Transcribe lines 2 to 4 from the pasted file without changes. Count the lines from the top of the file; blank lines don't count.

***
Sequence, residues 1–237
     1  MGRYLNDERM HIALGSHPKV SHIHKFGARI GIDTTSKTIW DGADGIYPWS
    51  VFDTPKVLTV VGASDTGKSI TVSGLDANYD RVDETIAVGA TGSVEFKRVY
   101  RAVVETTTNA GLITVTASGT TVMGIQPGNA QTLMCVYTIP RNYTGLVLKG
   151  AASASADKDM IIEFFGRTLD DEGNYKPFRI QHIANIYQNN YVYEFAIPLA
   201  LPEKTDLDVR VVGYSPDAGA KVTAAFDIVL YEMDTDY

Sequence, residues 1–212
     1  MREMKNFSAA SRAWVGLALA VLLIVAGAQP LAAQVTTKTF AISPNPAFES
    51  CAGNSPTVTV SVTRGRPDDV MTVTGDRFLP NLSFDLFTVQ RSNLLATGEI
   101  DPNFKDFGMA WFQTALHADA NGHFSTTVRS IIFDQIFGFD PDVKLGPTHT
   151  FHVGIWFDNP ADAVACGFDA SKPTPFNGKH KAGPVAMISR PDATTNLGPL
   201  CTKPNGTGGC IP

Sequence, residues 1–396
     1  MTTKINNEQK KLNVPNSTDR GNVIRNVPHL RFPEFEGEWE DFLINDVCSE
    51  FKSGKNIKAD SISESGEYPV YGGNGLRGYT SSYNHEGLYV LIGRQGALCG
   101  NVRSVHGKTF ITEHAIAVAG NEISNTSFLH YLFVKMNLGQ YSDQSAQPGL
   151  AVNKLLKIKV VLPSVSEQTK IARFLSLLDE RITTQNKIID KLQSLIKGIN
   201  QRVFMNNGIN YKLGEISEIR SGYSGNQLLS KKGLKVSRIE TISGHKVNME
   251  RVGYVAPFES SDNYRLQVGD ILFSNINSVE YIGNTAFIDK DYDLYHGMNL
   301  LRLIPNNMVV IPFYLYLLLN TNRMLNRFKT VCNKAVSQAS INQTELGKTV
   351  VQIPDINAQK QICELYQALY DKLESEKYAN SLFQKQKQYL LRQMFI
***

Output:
     1  MGRYLNDERM HIALGSHPKV SHIHKFGARI GIDTTSKTIW DGADGIYPWS
    51  VFDTPKVLTV VGASDTGKSI TVSGLDANYD RVDETIAVGA TGSVEFKRVY
   101  RAVVETTTNA GLITVTASGT TVMGIQPGNA QTLMCVYTIP RNYTGLVLKG